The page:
Issue 10: Spring 2017

Dear readers,

We are Jackie Yang and Betty Chinea, the co-editors of the University of Miami's Mangrove Literary Journal, and we are excited for you to dive into the work submitted by our 22 talented contributors.

The pieces that were shared with us this year made us laugh, think, and raise our eyebrows. The works that made it into this book are the result of hours of reading, debating, swapping edits, and wholehearted gushing. During a time when the value of art is being questioned, we are proud to continue reaffirming its importance and providing a platform for new voices.

Sincerely,

Jackie Yang & Betty Chinea
March 2017

 

 

 

Print books are available on the University of Miami Coral Gables campus for a suggested donation of $5-$10 to the Creative Writing Program. Please contact mangrovejournal@gmail.com for more information.

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Coffee Grounds

Not a sandwich made with love and care, or sweet cherry pie,
I give you coffee grounds.
They are soaked and old,
the remnants of yesterday’s brew.
They are the little grits of displeasure
sitting at the bottom of your half-empty cup.

They’ve been used before
and could be used again,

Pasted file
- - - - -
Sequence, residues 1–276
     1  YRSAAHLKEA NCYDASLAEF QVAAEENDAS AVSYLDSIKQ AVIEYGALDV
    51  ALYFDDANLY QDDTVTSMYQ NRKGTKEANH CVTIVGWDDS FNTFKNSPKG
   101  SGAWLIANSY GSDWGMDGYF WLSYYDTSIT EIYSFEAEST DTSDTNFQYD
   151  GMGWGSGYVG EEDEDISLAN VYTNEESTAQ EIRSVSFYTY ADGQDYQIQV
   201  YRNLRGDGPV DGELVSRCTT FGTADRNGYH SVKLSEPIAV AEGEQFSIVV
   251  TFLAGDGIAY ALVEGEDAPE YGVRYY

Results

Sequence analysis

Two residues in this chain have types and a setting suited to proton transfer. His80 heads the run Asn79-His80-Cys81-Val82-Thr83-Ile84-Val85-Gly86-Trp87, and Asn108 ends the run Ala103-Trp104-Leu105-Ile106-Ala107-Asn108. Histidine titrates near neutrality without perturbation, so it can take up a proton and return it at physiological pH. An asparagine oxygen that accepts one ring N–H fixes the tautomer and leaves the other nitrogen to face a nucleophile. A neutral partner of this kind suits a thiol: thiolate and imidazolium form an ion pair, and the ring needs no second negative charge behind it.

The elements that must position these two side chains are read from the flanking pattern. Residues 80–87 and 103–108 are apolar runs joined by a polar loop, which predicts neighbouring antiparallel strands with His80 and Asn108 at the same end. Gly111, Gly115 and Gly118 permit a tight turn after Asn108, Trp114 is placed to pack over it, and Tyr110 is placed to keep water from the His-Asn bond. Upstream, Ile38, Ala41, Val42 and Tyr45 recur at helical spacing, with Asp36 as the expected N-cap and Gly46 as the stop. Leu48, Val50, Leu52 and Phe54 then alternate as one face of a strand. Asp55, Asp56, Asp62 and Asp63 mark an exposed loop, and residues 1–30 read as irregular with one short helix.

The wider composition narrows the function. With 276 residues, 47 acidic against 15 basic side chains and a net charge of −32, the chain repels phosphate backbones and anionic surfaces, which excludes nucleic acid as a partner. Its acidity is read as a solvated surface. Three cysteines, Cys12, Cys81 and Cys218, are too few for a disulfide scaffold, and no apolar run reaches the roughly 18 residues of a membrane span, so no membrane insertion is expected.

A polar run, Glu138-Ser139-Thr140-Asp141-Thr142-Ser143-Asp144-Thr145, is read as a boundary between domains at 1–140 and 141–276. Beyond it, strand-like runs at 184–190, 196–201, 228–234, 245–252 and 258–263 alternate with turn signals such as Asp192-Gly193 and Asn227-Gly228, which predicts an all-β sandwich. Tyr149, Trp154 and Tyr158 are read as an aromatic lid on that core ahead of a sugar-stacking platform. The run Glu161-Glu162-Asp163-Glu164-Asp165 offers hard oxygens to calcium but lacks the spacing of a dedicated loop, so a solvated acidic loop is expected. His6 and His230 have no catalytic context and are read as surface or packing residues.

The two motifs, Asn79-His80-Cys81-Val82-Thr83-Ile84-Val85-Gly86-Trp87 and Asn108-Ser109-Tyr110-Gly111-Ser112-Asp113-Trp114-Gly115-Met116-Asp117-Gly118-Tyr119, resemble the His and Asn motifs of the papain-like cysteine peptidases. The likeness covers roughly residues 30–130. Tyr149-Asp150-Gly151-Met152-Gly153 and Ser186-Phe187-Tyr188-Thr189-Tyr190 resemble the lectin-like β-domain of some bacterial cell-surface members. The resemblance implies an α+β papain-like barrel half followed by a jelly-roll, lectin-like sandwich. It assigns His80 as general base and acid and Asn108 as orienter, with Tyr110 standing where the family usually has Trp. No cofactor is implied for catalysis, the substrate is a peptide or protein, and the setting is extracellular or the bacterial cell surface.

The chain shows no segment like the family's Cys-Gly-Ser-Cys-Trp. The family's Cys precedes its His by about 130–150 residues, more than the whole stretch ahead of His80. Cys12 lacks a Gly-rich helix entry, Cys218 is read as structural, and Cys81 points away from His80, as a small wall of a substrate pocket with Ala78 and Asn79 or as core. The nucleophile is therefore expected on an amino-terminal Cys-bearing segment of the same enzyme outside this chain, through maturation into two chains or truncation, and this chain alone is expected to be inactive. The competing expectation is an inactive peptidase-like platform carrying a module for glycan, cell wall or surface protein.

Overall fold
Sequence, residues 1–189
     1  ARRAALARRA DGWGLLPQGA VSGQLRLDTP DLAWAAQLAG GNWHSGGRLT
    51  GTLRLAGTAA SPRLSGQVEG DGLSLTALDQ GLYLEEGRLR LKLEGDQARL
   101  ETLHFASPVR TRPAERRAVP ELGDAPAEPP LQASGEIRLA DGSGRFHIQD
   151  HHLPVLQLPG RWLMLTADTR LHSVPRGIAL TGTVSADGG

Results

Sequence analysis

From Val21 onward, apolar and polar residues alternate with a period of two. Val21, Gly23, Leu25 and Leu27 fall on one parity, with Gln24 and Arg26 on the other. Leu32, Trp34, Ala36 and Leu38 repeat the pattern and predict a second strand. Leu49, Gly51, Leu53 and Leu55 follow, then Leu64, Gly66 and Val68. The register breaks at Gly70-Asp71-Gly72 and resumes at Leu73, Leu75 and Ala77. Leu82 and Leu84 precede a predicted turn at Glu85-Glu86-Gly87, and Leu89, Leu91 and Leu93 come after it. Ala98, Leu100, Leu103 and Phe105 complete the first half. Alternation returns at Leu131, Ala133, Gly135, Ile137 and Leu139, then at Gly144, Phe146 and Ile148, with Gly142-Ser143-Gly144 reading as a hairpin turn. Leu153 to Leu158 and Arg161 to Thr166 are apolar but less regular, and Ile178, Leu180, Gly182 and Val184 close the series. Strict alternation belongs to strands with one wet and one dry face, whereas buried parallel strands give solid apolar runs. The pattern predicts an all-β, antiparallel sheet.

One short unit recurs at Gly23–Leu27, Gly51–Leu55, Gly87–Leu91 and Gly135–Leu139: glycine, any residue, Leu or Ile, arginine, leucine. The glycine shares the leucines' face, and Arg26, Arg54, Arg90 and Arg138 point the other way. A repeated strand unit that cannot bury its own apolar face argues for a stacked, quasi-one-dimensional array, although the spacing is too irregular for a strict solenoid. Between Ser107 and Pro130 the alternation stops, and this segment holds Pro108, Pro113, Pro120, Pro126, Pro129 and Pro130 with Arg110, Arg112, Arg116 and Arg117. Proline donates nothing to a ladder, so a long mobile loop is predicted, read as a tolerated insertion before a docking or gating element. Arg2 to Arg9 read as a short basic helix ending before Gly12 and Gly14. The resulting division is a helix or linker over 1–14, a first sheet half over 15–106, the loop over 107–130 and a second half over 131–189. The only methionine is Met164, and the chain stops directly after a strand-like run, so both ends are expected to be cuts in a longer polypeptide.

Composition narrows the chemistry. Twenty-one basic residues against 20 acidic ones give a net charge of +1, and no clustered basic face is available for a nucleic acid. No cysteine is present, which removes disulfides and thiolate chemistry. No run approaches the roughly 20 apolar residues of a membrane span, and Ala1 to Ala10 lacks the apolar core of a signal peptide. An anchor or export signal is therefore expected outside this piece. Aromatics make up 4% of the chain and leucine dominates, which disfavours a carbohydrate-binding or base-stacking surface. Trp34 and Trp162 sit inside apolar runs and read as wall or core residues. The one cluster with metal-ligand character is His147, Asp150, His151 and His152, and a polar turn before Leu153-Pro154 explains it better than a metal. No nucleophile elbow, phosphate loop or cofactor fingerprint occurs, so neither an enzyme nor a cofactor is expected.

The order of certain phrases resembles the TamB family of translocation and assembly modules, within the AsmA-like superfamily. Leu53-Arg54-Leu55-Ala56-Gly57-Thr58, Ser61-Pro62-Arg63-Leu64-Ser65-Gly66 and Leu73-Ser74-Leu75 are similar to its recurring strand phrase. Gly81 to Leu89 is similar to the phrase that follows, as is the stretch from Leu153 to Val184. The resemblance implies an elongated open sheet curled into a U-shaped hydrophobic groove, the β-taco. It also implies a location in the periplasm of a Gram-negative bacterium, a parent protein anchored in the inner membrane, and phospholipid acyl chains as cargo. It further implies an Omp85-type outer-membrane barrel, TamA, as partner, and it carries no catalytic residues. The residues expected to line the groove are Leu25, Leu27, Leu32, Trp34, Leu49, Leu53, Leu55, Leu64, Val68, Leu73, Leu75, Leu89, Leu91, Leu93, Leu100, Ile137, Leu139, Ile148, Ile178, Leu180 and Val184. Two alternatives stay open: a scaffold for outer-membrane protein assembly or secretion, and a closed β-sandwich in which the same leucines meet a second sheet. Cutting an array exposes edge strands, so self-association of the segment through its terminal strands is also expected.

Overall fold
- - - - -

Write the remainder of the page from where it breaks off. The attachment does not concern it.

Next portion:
but if you strain what’s been strained
such juice will not be so strong.
The first time the water runs through
elicits the most flavor. The second time
only brews bad water. Bad water
will give you bad blood.

An aroma of what was once rich, intoxicating, pure,
is now that of stale dirt,
drowning in bitter.
Brown watered-down tar,
I wish you’d drink it.
Gargle mud. You should feel it
on the roof of your mouth,
like sand escaped from sandpaper,
scraping down the back of your snaking throat.

Swallow, shudder. Feel your tongue recoil in your mouth.

Let the coffee grounds find their places
between your capped, white teeth,
little black mites tucked in for the night.
Stuck like soil. Perfect, for a man who speaks filth
when he claims to speak love.

This morning, I hear the kettle whistling at me from the kitchen.
My moonbeam legs stretch over the side of the bed,
enjoying the bodiless space that now smells of lemon, of clean,
not your spoiled cigarettes or your used,
soggy, worthless coffee grounds.
These days, I make tea. 


Hunter Wright

Hunter Wright is a student at the University of Miami.